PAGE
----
• See publication: Tam, D. C. (1993) A new conditional correlation statistics for detecting spatio-temporally correlated firing patterns in a biological neuronal network. Proceedings of the World Congress on Neural Networks, July 1993. Vol. 2. pp. 606-609.
• See publication: Tam, D. C. (1993) Novel cross-interval maps for identifying attractors from multi-unit neural firing patterns. In: Nonlinear Dynamical Analysis of the EEG. (B. H. Jansen and M. E. Brandt, eds.) World Scientific Publishing Co., River Edge, NJ. pp. 65-77.
• See publication: Tam, D. C. (1993) A multi-neuronal vectorial phase-space analysis for detecting dynamical interactions in firing patterns of biological neural networks. In: Computational Neural Systems. (F. H. Eeckman and J. M. Bower, eds.) Kluwer Academic Publishers, Norwell, MA. pp. 49-53.
• See publication: Kenyon, G. T. and Tam, D. C. (1993) An entropy measure for revealing determinisitc structure in spike train data. In: Computation Neural Systems. (F. H. Eeckman and J. M. Bower, eds.) Kluwer Academic Publishers, Norwell, MA. pp. 44-47.
• See publication: Tam, D. C. (1992) Vectorial phase-space analysis for detecting dynamical interactions in firing patterns of biological neural networks. Proceedings of the International Joint Conference on Neural Networks, June 1992. Vol.3 pp. 97-102.
• See publication: Tam, D. C. (1992) A novel vectorial phase-space analysis of spatio-temporal firing patterns in biological neural networks. Proceedings of the Simulation Technology Conference. Nov., 1992, pp. 556-564.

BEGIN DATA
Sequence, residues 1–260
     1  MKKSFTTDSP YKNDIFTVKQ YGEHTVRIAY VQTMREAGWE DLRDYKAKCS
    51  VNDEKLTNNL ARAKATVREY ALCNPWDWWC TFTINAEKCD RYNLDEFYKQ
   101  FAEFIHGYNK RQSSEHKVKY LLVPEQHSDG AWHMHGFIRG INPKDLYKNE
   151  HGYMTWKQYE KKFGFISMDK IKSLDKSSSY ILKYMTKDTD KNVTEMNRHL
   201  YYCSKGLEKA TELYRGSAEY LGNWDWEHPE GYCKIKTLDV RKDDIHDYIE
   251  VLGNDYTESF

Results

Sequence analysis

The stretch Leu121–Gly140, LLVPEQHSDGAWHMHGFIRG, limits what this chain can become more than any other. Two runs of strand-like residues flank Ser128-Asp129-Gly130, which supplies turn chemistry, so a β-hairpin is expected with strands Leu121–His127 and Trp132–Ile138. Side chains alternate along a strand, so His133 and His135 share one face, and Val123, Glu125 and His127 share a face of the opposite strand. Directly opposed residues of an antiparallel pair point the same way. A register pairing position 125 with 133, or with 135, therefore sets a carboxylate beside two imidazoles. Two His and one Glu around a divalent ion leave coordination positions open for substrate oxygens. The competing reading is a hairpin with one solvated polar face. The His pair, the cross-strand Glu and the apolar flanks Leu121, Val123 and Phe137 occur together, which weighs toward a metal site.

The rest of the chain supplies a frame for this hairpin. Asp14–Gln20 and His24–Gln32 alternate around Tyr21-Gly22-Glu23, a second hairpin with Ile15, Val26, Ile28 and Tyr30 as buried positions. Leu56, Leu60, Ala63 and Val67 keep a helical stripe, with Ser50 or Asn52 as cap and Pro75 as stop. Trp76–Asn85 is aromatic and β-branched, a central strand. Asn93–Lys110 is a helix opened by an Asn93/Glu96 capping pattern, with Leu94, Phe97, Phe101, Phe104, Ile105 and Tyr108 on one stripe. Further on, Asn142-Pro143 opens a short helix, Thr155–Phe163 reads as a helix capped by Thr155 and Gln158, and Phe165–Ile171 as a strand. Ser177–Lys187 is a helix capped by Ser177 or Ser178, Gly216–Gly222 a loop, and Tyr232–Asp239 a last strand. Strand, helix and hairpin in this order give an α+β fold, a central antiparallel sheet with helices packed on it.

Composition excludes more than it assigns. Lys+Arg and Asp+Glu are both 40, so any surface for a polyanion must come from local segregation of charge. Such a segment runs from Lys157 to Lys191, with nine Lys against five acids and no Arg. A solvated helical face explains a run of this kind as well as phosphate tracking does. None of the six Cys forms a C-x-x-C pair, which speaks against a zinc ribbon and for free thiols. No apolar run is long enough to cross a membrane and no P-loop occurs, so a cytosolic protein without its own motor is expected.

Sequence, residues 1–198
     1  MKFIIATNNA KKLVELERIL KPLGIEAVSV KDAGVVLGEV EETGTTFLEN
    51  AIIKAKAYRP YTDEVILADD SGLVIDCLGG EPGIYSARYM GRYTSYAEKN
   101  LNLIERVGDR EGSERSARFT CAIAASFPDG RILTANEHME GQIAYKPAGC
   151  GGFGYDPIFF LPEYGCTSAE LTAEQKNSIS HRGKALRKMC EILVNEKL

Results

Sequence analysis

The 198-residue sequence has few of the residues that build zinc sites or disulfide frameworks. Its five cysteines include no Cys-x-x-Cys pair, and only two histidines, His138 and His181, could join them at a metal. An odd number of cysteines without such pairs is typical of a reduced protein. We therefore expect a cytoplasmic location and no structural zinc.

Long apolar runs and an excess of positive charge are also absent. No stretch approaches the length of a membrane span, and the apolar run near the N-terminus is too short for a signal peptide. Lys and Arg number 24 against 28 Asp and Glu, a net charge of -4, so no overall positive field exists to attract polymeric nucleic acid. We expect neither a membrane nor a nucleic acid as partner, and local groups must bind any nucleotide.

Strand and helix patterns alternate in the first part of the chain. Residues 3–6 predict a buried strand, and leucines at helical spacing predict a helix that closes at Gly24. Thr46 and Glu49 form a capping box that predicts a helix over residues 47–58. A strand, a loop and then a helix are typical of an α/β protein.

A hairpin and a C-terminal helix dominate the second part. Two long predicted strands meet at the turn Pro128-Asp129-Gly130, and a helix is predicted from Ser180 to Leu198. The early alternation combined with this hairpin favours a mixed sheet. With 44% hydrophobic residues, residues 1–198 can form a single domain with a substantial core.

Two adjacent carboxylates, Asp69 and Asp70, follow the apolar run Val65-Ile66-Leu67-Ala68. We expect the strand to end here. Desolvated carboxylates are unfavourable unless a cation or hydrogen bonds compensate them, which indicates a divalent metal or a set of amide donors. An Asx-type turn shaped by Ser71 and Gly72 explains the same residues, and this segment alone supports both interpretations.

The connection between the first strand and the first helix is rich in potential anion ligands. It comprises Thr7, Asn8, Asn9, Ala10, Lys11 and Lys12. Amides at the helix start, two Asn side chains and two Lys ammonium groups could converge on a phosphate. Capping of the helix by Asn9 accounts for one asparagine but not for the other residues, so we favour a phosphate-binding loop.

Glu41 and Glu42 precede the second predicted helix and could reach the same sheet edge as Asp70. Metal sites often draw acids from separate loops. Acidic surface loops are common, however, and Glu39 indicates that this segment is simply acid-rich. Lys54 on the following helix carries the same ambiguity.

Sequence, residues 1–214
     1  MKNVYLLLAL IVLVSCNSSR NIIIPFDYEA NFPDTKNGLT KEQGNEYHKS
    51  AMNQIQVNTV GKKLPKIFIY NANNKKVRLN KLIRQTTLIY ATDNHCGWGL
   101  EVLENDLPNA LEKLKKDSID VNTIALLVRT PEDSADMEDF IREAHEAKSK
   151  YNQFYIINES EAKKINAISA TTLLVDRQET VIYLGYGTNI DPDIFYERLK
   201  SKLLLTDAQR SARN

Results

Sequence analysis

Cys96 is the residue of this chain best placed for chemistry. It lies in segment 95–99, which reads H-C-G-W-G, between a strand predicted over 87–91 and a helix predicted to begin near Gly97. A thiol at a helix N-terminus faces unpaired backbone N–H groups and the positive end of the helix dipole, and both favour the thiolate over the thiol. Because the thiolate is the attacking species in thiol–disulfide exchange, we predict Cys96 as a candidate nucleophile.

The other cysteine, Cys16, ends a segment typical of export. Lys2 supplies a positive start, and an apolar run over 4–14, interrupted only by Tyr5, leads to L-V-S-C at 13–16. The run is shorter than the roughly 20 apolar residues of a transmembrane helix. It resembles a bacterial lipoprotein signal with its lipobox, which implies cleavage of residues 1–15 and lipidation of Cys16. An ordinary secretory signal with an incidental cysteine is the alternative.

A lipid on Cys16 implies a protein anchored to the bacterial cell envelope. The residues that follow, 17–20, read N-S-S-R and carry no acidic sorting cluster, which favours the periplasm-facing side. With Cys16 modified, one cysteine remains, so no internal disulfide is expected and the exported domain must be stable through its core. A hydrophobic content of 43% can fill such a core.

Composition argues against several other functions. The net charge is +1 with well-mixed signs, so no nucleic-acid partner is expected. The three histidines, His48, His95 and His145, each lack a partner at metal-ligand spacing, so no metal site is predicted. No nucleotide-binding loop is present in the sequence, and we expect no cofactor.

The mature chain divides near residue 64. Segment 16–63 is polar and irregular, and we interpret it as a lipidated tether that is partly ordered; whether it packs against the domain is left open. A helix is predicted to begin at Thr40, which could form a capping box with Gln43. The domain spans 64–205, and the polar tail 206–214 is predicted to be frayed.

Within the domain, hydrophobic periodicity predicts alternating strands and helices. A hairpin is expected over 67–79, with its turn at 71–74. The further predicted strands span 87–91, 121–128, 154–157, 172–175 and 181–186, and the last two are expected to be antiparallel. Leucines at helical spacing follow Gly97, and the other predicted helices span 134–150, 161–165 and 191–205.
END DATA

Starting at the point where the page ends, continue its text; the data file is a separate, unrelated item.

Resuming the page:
• See publication: Tam, D. C. (1991) Signal processing in multi-threshold neurons. In: Single Neuron Computation (T. McKenna, J. Davis, and S. F. Zornetzer, eds.) Academic Press, San Diego. pp. 481-501.
• See publication: Tam, D. C. (1991) Signal processing by multiplexing and demultiplexing in neurons. In: Advances in Neural Information Processing Systems. (D. S. Touretzky, ed.), Morgan Kaufmann Publishers, San Mateo, California. pp. 282-288.
• See publication: Tam, D. C. (1990) Decoding of firing intervals in a temporal-coded spike train using a topographically mapped neural network. Proceedings of the International Joint Conference on Neural Networks, June, 1990. Vol. 3, pp. III-627-632.
• See publication: Tam, D. C. (1990) Temporal-spatial coding transformation: Conversion of frequency-code to place-code via a time-delayed neural network. Proceedings of the International Joint Conference on Neural Networks (H. Caudill, eds.), Jan., 1990. Vol. 1, pp. I-130?-33.
• See publication: Tam, D. C. and Perkel, D. H. (1989) A model for temporal correlation of biological neuronal spike trains. Proceedings of the IEEE International Joint Conference on Neural Networks 1989. Vol. 1, pp. I-781-786.
• See publication: Tam, D. C., Ebner, T. J., and Knox, C. K. (1988) Cross-interval histogram and cross-interspike interval histogram correlation analysis of simultaneously recorded multiple spike train data. Journal of Neuroscience Methods, 23: 23-33. [Reprint.pdf]